DEAR LEAH: Everything in real estate — including commissions — is negotiable. First, you (or your attorney) should carefully review the listing agreement that you signed with your real estate agent. Does it include a "trade"? It may be that you will not be obligated to pay any commission under these circumstances.

However, that probably is not fair to your agent. I suggest that you sit down with both agents, and work out an acceptable solution — before you sign any more documents.

But the transaction confuses me. Are you just going to trade a $198,000 house for another that is worth only $95,000? I certainly hope that you will get cash for the difference.

DEAR BENNY: I read your article regarding a one-time tax exclusion on the profit for the sale of a house. My son recently sold his home in Massachusetts that he lived in for seven years. He was fortunate to sell at a considerable amount over what he paid. Can he claim a one-time exemption for the profit on his taxes? –Edith

DEAR EDITH: You should be proud of your son for making a good investment. Because he owned and lived in the house for two out of the five years before it was sold, he can exclude up to $250,000 of the profit — or if he is married and files a joint income tax return with his wife, the exclusion is up to $500,000.

If he has any questions about how to file his tax return, he may want to consult an accountant.

DEAR BENNY: Recently, you answered a question about putting title of a house in your children’s name. Once that is done, is there a way to remove their name and have it revert to the original owner? Would there be any tax consequences? –Ann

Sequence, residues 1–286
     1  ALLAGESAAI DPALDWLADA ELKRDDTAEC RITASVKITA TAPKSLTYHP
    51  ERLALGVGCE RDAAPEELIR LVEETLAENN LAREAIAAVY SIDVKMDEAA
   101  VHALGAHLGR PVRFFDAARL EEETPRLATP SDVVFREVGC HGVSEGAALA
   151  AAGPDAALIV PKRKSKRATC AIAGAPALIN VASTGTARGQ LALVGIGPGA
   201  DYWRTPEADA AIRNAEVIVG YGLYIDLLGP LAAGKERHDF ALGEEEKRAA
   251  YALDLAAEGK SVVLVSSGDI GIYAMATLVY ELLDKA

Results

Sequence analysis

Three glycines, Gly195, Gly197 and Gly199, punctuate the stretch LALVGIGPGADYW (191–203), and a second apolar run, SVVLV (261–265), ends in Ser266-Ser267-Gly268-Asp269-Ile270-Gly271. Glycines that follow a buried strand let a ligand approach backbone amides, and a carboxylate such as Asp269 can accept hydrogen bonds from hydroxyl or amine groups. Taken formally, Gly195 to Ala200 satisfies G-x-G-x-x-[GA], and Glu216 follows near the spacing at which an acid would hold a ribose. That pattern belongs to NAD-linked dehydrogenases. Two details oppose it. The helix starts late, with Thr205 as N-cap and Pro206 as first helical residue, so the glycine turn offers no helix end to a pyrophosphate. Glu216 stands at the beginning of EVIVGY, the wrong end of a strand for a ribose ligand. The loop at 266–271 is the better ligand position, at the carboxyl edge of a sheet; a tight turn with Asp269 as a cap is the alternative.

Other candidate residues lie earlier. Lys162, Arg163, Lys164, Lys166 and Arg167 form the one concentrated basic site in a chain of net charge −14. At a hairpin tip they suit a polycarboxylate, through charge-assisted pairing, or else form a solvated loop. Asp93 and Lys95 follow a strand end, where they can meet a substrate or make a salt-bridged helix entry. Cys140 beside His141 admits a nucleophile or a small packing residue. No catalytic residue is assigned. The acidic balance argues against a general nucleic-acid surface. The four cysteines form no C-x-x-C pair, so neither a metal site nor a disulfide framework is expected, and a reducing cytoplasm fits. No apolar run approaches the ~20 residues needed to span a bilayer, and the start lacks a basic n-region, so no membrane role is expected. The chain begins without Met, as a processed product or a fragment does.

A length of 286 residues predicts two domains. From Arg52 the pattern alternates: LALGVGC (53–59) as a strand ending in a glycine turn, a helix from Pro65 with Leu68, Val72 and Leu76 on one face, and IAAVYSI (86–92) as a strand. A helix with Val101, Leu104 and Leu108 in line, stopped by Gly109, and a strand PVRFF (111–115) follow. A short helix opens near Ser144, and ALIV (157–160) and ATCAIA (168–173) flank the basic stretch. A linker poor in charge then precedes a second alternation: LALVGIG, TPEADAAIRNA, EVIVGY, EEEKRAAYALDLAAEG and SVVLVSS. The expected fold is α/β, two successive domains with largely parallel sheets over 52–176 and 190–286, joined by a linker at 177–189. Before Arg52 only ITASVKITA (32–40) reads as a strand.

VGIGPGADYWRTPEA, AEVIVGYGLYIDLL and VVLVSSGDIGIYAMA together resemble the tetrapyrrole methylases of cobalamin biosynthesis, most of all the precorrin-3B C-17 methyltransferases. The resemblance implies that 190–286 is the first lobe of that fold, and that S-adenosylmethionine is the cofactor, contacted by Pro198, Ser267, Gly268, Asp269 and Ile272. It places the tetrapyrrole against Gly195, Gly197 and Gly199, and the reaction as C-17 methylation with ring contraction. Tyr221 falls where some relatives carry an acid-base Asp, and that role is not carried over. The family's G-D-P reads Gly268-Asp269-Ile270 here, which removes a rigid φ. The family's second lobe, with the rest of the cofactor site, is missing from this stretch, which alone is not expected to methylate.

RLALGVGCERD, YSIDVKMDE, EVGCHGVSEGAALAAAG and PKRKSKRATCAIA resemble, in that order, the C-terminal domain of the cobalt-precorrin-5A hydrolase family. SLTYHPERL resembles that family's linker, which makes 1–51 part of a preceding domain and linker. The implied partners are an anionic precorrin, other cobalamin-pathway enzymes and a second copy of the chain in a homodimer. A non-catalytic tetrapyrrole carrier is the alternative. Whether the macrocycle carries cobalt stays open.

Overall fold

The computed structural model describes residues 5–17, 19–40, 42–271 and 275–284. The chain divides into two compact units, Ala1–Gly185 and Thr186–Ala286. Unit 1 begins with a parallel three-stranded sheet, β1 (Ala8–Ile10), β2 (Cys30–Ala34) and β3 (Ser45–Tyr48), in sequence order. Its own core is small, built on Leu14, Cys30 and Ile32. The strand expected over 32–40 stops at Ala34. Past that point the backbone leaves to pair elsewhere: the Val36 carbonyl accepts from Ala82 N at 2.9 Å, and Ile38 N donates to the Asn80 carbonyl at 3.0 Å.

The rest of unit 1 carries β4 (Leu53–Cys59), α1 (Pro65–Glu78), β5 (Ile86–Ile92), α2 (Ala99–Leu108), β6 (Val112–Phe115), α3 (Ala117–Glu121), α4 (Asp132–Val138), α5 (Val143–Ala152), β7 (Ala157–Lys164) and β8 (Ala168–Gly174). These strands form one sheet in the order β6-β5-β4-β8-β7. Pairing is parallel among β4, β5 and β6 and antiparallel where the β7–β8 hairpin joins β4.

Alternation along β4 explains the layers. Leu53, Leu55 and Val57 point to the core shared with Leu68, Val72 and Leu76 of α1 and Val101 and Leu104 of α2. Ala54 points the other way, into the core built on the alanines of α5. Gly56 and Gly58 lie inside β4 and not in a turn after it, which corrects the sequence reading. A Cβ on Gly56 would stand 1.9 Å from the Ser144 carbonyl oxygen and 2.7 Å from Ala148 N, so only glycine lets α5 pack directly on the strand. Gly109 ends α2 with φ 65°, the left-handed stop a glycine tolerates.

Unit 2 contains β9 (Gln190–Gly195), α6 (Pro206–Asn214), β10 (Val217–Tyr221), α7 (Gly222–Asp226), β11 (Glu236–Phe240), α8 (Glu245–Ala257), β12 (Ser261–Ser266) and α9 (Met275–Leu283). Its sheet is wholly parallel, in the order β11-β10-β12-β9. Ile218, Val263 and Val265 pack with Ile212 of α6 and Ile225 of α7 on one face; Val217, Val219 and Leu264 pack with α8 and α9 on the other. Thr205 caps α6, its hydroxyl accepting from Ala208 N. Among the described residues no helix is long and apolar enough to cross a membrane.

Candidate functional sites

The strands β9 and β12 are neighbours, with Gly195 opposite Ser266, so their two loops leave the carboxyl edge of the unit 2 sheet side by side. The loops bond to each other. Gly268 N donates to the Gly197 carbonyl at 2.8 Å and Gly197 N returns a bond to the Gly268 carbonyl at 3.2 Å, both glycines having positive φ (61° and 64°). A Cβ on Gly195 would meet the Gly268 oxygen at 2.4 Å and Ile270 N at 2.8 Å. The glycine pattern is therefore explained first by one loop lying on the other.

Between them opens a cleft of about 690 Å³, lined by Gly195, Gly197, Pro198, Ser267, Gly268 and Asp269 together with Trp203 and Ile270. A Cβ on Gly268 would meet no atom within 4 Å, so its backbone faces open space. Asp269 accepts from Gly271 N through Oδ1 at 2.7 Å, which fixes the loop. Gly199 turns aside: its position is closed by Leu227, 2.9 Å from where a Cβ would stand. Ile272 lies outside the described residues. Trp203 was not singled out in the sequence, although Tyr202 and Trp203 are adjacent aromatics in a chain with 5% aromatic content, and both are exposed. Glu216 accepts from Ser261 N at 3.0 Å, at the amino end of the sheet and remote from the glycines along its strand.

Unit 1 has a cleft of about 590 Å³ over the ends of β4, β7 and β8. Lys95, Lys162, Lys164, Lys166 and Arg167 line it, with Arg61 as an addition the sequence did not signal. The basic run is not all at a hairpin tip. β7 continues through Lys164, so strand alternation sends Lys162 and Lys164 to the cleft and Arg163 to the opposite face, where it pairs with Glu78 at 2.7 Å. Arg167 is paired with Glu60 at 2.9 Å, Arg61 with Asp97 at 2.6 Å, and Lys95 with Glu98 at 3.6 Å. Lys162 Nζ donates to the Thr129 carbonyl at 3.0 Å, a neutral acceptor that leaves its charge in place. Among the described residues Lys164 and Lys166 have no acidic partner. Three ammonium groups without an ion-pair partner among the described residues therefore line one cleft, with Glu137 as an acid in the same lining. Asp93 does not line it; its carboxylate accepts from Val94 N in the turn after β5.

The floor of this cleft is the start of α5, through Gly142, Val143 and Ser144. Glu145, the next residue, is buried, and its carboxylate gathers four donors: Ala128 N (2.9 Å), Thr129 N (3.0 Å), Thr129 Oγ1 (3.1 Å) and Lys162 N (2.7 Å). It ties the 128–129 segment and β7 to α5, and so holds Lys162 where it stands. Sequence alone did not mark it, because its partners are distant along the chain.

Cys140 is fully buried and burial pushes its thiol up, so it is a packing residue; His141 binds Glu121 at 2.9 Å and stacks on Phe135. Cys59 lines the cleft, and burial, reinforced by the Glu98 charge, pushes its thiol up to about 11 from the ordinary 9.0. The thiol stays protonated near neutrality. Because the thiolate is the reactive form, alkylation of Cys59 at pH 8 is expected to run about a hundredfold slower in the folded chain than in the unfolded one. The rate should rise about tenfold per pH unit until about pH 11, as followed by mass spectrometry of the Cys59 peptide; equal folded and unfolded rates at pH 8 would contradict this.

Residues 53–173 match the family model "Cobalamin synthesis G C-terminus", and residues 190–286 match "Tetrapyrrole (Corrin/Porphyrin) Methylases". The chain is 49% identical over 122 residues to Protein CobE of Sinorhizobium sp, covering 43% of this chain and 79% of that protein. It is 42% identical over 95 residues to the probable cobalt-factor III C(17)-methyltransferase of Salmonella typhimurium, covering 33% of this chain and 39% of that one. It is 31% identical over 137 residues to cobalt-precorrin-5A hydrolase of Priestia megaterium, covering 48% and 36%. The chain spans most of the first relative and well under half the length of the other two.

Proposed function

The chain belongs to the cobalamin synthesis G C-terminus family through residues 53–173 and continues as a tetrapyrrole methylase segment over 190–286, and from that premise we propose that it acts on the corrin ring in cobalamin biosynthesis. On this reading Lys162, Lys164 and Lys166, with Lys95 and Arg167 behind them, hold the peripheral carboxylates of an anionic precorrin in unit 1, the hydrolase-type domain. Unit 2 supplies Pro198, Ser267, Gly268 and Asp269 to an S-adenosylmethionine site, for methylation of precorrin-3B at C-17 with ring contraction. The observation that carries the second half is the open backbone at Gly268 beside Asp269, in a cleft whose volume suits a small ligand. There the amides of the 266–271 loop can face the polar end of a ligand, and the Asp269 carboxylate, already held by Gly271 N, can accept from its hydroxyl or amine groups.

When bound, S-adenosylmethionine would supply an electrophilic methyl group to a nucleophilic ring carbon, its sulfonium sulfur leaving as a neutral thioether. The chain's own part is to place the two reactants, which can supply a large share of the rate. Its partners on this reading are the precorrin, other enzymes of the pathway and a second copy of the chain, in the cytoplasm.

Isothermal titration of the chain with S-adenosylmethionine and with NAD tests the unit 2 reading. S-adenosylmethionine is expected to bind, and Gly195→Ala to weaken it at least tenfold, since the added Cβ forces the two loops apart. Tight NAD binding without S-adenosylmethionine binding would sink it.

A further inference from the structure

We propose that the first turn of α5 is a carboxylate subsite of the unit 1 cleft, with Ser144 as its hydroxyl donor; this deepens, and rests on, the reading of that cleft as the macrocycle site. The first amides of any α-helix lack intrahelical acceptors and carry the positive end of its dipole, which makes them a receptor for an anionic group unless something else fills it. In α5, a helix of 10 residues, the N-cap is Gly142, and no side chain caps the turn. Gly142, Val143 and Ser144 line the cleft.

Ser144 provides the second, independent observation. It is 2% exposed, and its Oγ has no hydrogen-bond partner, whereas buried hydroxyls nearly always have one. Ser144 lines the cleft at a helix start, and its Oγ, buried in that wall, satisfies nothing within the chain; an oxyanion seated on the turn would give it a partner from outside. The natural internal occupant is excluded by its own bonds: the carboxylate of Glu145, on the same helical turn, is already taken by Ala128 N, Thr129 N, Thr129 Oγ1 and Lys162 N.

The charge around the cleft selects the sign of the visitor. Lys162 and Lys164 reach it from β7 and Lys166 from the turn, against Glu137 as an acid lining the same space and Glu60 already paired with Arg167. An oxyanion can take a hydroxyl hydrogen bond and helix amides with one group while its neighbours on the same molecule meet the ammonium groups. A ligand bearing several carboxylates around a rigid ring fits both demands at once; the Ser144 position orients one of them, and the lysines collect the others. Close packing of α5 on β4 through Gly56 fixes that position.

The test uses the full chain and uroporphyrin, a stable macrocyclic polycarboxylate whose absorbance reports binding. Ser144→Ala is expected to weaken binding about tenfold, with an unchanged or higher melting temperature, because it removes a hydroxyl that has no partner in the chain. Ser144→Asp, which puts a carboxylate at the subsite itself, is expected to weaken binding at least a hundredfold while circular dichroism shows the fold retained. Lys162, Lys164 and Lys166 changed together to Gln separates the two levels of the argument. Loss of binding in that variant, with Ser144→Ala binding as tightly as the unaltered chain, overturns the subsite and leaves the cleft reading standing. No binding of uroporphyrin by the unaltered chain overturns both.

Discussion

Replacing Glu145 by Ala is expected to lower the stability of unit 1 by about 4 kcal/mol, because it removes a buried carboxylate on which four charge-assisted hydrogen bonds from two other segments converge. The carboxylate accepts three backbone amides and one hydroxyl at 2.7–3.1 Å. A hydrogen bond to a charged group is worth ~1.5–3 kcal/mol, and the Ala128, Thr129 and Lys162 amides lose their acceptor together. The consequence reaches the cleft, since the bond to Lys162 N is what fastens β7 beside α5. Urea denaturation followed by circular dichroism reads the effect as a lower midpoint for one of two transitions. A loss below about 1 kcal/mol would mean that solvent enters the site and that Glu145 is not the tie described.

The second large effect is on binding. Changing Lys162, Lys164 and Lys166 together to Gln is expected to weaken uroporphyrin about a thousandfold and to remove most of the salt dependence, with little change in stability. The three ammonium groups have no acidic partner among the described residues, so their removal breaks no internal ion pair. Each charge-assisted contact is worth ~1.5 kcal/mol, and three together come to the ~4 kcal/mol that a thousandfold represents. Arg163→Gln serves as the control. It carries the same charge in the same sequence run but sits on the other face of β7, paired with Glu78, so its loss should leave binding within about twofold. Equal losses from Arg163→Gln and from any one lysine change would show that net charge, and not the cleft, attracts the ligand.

DEAR ANN: Once your children own the property, they must agree to deed it back to you. If this was your intention when you first deeded the property to them, there should have been a written agreement memorializing this agreement.

When you gifted the property to your children, their basis for tax purposes was your tax basis. If they gift it back to you, the basis remains the same. The tax basis of a person receiving a gift is the basis of the giver of the gift.

However, if the value of each of your children’s "gift" back to each parent exceeds the annual exclusion (which currently is $12,000 per person per gift), this would have to be reported to the IRS. However, unless the total annual gifts exceed $1 million, no tax will be owed.

For more information, and to get the correct forms, I suggest that you read Publication 950 entitled "Introduction to Estate and Gift Tax" on the IRS Web site.

Benny L. Kass is a practicing attorney in Washington, D.C., and Maryland. No legal relationship is created by this column. Questions for this column can be submitted to


What’s your opinion? Leave your comments below or send a letter to the editor. To contact the writer, click the byline at the top of the story.